National

12 Cheetahs Likely To Be Flown In From South Africa To India Under Cheetah Revival Project

Due to the delay in the signing of the MoU for the inter-continental translocation of these big cats, some experts had last month expressed concern over the health of the South African cheetahs as these animals have been quarantined there since July 15.

Advertisement

Cheetahs released after quarantine at Kuno National Park
info_icon

An expert associated with India's Cheetah revival Project was quoted by PTI about a Memorandum of Understanding (MoU) signed between New Delhi and Pretoria (South Africa's administrative capital) last week under which Cheetah from South Africa are to be brought to India by mid-February. A dozen Cheetahs will be flown from South Africa after months of delay to the Kuno National Park (KNP) in Madhya Pradesh in the coming coming month.

The KNP currently houses eight such felines who were brought from Namibia last year under the Cheetah revival project. South Africa has donated these big cats to India. But India has to pay USD 3,000 for the capture of every cheetah to the African nation before they are translocated, he said.

Advertisement

KNP director Uttam Sharma said, "We are waiting for the arrival of 12 South African cheetahs. We have set up 10 quarantine bomas (enclosures) for them. In two of these facilities, two pairs of cheetah brothers would be kept."

Another MP forest department official said, "We have come to know that Pretoria has issued an order for the translocation of cheetahs after signing the MoU." Due to the delay in the signing of the MoU for the inter-continental translocation of these big cats, some experts had last month expressed concern over the health of the South African cheetahs as these animals have been quarantined there since July 15. As a result of long quarantine, these animals might have lost their fitness, they had said.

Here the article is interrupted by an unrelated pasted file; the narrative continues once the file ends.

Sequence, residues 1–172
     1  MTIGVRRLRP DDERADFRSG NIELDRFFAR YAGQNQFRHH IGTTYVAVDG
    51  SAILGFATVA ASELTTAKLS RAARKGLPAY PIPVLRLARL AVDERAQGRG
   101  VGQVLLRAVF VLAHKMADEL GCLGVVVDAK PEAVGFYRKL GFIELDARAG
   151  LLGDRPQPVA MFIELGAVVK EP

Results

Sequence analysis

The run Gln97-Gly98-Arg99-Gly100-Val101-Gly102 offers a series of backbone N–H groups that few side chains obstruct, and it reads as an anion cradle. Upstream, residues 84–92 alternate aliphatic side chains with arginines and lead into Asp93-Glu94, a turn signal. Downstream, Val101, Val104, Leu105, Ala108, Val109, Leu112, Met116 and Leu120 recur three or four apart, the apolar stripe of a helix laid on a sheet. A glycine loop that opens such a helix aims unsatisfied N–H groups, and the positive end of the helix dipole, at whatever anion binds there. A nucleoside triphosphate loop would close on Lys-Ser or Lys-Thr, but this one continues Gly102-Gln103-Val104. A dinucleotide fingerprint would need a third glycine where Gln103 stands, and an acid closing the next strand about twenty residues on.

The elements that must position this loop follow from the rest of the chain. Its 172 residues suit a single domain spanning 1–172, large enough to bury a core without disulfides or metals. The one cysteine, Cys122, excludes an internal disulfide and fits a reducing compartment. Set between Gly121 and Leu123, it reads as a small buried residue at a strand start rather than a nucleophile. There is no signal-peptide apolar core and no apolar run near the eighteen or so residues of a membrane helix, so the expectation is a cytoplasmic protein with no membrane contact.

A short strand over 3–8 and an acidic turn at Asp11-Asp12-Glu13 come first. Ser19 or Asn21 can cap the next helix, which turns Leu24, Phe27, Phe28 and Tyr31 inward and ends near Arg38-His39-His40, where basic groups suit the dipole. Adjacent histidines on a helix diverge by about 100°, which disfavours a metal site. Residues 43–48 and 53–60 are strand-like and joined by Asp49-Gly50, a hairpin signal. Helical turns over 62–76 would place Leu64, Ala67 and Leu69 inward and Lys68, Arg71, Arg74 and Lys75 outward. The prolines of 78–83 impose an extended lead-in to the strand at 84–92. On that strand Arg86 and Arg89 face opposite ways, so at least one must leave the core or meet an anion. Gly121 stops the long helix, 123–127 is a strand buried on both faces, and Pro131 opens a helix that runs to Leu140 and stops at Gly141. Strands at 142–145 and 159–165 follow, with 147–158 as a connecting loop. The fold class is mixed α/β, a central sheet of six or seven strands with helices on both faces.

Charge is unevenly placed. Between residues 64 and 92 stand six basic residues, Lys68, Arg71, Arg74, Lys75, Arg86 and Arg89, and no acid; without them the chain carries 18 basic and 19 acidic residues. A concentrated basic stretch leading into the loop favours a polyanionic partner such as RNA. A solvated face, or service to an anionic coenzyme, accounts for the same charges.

Advertisement

Prolonged quarantine could be taking a toll on the health of these big cats, who are slated to join the eight cheetahs imported from Namibia and released into the KNP in Sheopur district mid-September. In fact, the 12 South African cheetahs, seven males, and five females have not hunted for themselves even once after being kept in bomas, wildlife experts in the know of India's cheetah reintroduction plan, had said.

Three of them have been kept in Phinda quarantine boma in KwaZulu-Natal Province and nine in Rooiberg Quarantine boma in Limpopo Province since July 15, they said. They have lost fitness to a considerable extent as they have not hunted even once since July 15, one of the experts told PTI last month. They might have put on weight like humans sitting idle, he said.

Last month, South African Minister of Environment, Forestry and Fisheries Barbara Creecy cleared the Indian proposal on the translocation of cheetahs so that the South African president signs the final agreement, he added. Experts said that a delegation from South Africa visited the KNP in early September to see arrangements at the wildlife sanctuary for housing the world's fastest land mammals.

Prime Minister Narendra Modi, on his 72nd birthday on September 17, released eight cheetahs flown in from Namibia into the KNP amid a lot of fanfare, setting the ball rolling for the revival of their population in India where these distinctively spotted cat species became extinct seven decades ago. These fastest land animals from Namibia, five females and three males are currently in hunting enclosures at the park before their full release into the wild.

Advertisement

Five months back, India wanted to import eight cheetahs from Namibia and 12 from South Africa for their release into the KNP to add glitter to the 75th Independence Day celebrations. But the plan did not materialise, the wildlife experts said. In August, the 12 cheetahs selected by Indian officials for translocation had completed one month in quarantine, but they couldn't be airlifted to KNP in absence of approval from the South African government. Around Independence Day, the eight Namibian cheetahs had not completed their quarantine period, so the Indian government could not bring them to KNP as well, the experts said.

Advertisement

As per Indian wildlife laws, a month-long quarantine is mandatory before importing animals and they are required to be kept in isolation for another 30 days after arrival in the country. The experts said that the spotted animals' metapopulation (cheetah count in small and medium parks) in South Africa has risen to 504 from 217 in 2011.

The last cheetah died in India in the Koriya district of present-day Chhattisgarh in 1947 and the big cat species was declared extinct in 1952. Former Union Environment Minister Jairam Ramesh initiated 'Project Cheetah' in 2009 under the United Progressive Alliance (UPA) government with an aim to reintroduce wild cats in India.

Advertisement

(With PTI inputs)

Advertisement

Advertisement

Advertisement

Advertisement

Advertisement

Advertisement